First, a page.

KBC Bank Ireland sells €1.1bn loans portfolio to private equity giant CarVal

CarVal to acquire non-performing loans as bank advances plans to exit the Irish market

The bank said there will be no immediate changes for customers with KBC planning to contact those affected by the deal before the transaction is completed. Photograph: Nick Bradshaw

The bank said there will be no immediate changes for customers with KBC planning to contact those affected by the deal before the transaction is completed. Photograph: Nick Bradshaw

 

KBC Bank Ireland has sold a €1.1 billion portfolio of non-performing mortgage loans to funds managed by US private equity giant CarVal.

Upon completion of the transaction, the loans will be managed by Pepper Finance Corporation. KBC said consumers will continue to have the same legal and regulatory protections as they currently do following the sale.

The bank said there will be no immediate changes for customers with those affected by the deal to be contacted before the transaction is completed.

The portfolio consists of home and buy-to-let mortgages as well as a small number of non-mortgage loans.

KBC Group chief executive Johan Thijs said the sale allows the bank to “clean up” its portfolio of legacy loans, and further reduce its non-performing loans ratio.

The portfolio being sold represents “substantially all” of its remaining non-performing mortgage loan portfolio, KBC Bank Ireland said.

The bank, which entered the Irish market in 1978 by acquiring Irish Intercontinental Bank (IIB), was forced to inject €1.4 billion into the unit during the financial crisis to keep it afloat as loan losses spiralled. It has only managed to claw back a little over €400 million of the rescue funds.

As of the end of the first half of 2021, KBC Bank Ireland’s non-performing loans portfolio represented 12.8 per cent of its entire loan book, having declined in size by 6 per cent during the first half to €1.34 billion.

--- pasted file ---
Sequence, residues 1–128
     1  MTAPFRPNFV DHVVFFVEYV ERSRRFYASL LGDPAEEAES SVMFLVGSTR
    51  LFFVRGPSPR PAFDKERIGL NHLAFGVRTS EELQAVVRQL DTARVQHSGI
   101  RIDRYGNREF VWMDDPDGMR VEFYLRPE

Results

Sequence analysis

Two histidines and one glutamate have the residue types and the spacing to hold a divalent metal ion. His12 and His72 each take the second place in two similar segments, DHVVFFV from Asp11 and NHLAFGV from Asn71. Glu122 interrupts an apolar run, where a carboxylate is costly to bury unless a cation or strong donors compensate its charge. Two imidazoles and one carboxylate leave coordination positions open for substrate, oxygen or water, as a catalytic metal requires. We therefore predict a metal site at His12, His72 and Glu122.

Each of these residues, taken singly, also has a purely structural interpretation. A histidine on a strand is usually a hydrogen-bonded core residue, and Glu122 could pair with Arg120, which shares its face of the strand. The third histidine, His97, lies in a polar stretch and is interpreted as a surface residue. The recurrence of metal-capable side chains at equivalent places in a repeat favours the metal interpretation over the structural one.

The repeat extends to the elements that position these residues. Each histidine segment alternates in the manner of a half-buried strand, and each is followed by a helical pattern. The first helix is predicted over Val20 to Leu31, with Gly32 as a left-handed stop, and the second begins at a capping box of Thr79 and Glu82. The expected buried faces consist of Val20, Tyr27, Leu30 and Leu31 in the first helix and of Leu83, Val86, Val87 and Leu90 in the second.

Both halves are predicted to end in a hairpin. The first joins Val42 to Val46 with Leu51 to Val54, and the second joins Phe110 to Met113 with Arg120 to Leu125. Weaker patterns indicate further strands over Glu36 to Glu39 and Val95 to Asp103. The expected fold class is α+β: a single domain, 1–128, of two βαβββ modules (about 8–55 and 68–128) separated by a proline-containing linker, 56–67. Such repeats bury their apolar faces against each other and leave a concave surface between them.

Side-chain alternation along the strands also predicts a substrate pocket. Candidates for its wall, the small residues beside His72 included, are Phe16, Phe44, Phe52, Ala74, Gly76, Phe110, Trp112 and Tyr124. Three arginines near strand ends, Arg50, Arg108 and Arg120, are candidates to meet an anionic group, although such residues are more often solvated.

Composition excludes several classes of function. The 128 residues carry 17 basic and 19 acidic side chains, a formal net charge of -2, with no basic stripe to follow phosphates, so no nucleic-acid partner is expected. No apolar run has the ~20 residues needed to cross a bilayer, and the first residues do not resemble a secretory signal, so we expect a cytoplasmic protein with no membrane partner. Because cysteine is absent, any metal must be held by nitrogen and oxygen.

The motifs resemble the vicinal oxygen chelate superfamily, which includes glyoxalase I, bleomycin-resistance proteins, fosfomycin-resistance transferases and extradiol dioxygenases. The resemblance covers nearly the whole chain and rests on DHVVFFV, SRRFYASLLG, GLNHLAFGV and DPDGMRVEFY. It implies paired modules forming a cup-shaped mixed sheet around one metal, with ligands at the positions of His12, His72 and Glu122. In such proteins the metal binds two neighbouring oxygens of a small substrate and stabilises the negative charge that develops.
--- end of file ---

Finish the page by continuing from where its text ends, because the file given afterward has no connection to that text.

KBC Bank Ireland returned to profit in the first half of the year, even as the Belgian-owned lender advanced plans to exit the Republic.

The bank earlier this month announced a €21million net profit for the first six months of 2021 as loan impairment charges fell to zero. KBC Bank Ireland made a loss of €58 million for the same period last year, driven by a €95 million loan charge the bank took as it braced itself for a spike in bad loans as a result of Covid-19, a scenario that has yet to materialise.

The company revealed in April that it was in talks to sell its €9 billion performing loan book, almost entirely comprised of mortgages, to Bank of Ireland.

“I’m confident that the agreement we have signed for the sale of substantially all of the remaining non-performing mortgage loan portfolio, and with Pepper managing the loans post completion, offers a good and sustainable solution for our non-performing mortgage loan customers,” said KBC Bank Ireland chief executive Ales Blazek.

“We can assure that any customers whose loans are included in the transaction will continue to be afforded the same legal and regulatory protections. Pepper is a well-established player in the Irish market. Affected customers will be contacted shortly regarding concrete steps related to them,” he added.